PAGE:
Should You Always Follow the "Smart Money"?http://www.fool.com/investing/general/2013/08/15/should-you-always-follow-the-smart-money.aspx Anders Bylund
August 15, 2013
The "smart money" isn't always a bunch of investing geniuses. Institutional shareholders run into the same value traps as individual investors. They try to catch the same falling knives. Insider shareholders lose their shirts when the company goes belly-up -- just like public owners such as you and me.
That said, the big investment banks and mutual fund managers are wielding much larger chunks of capital than the average investor, and insiders arguably have a better view of the company's workings than anybody else. Therefore, it's often a useful exercise to look at the institutional, insider, and public ownership profiles of your favorite stocks. Is the smart money supporting your investment thesis?
Yeah, like what?
Berkshire Hathaway (NYSE: BRK-B) is a great example of a balanced ownership structure. Warren Buffett owns 20.5% of his company with another 2% of the float in the hands of other insiders. Large-scale money managers hold another 42.4%, led by household names such as BlackRock and Vanguard. Activist investors don't hold much sway here, but public shareholders and other uncategorized investors account for a healthy 35.3% stake.
That's a strong balance between "smart money" and insider owners with huge personal stakes in the business. In many cases, 20% under the control of the dual-role chairman and CEO could be a warning sign, but not when the titles belong to proven master investor Warren Buffett. He's earned the right to turn this particular red flag into a marker of unique strength.
The public ownership here is moderately large. Many individual shareholders own Berkshire shares based on Buffett's genius and the top-shelf leadership bench, including fellow master investor Charlie Munger. It's generally not a haven for stock market gamblers and other unsavory types.
Similar numbers for very different reasons
BlackBerry's largest owner is an investment arm of Canadian insurance company Fairfax Financial. Fairfax is supposedly looking into a buyout to top off its 10.1% interest in BlackBerry, but keep in mind that this would nearly be a merger of equals; Fairfax's $8.3 billion market cap is not much larger than BlackBerry's $5.6 billion cap.
This highly volatile stock is more of a gambling chip or a risky turnaround play than a solid long-term investment. That's why you see fewer institutional investors and more individual owners compared to a stable outfit like Berkshire. It's easy to see why the smart money is backing away from this dangerous stock.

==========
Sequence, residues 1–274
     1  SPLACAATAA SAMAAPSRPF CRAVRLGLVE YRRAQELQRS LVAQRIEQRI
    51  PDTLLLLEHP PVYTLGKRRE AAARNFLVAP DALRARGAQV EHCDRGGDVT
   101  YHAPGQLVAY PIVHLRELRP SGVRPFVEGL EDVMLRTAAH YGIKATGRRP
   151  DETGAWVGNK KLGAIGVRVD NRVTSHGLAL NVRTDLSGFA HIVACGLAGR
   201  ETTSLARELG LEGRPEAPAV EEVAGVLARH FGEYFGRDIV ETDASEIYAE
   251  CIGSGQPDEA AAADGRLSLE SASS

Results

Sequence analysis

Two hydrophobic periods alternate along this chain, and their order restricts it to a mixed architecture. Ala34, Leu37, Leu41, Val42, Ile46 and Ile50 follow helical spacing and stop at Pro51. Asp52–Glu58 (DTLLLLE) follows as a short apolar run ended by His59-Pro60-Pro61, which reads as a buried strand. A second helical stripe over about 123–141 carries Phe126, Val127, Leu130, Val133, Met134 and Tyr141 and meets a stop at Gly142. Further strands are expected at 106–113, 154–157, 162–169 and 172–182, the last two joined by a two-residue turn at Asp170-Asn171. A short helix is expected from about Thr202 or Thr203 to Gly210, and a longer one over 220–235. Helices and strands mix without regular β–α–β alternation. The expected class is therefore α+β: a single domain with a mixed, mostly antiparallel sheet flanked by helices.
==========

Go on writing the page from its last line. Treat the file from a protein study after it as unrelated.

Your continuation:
Would you buy a used car from this man? How about a billion-dollar company?
This company is Larsen's only real claim to fame, following a series of lower-level sales management positions with brand-name businesses. Moreover, his handling of this large stake often scares his fellow shareholders. For example, VirnetX shares plunged 21% on July 24, 2012, as veteran CNBC reporter Herb Greenberg dug up Larsen's potentially troubling ownership details. Most of Larsen's shares were tied up as collateral against some undisclosed loan, which could spell disaster if VirnetX's shares triggered a margin call.
Larsen filed a clarifying 13D report the very same day, possibly in response to Greenberg's concerns. As it turns out, the actual risk to common shareholders was very small because the credit line involved was just $5 million in size -- hardly enough to ignite a fire sale even if Larsen had to pay off the entire thing overnight.
Larsen has since rolled the $5 million credit line over into a different loan of the same size, backed by a different bank and fewer VirnetX shares. Or maybe he closed the entire credit vehicle altogether -- recent 13D filings don't mention it anymore, with no explanation to plug the gap.
And that's the point here. Larsen doesn't seem keen on keeping investors up to date with how he manages his enormous VirnetX stake. Institutional shareholders have been increasing their ownership of VirnetX in recent quarters, but the stock remains a plaything for high rollers and risk chasers. It shows in the very high public ownership rate.
A cautionary tale
This is what an unmitigated disaster looks like, with 97% of the over-the-counter shares in the public market. There's nothing wrong with regular people making informed investments, but none of these Kodak owners seem to have read the company's Chapter 11 filings.
The company promises to maximize value for stakeholders like employees, retirees, creditors, and suppliers -- but shareholders don't even enter into the equation. When Kodak comes back from Chapter 11, the old stock will most likely be replaced by an entirely new stub, like so many airlines and automakers did before Kodak.
Again, some public ownership can be healthy, and it's what we Fools are all about. But when you jump into 90% public ownership or more, there's something seriously wrong.
Big gains, small individual bets
Dell is up 35% this year on the back of a simmering buyout battle. The computer systems builder will soon go private under the wing of CEO and founder Michael Dell and his private equity partners -- or get a cash infusion from Carl Icahn and his partners while staying publicly traded. Whatever the final outcome, the gains are pretty much locked in. And who gets to cash in on this jump? Mostly the "smart money" big-ticket managers.
Netflix has nearly tripled in 2013 thanks to massive subscriber growth, high-quality original content bets, and an exciting international growth strategy. Carl Icahn wanted to force a sale of this company in 2012, but has now settled in for the ride with no further buyout plans.
And once again, big banks are reaping most of the rewards here. Net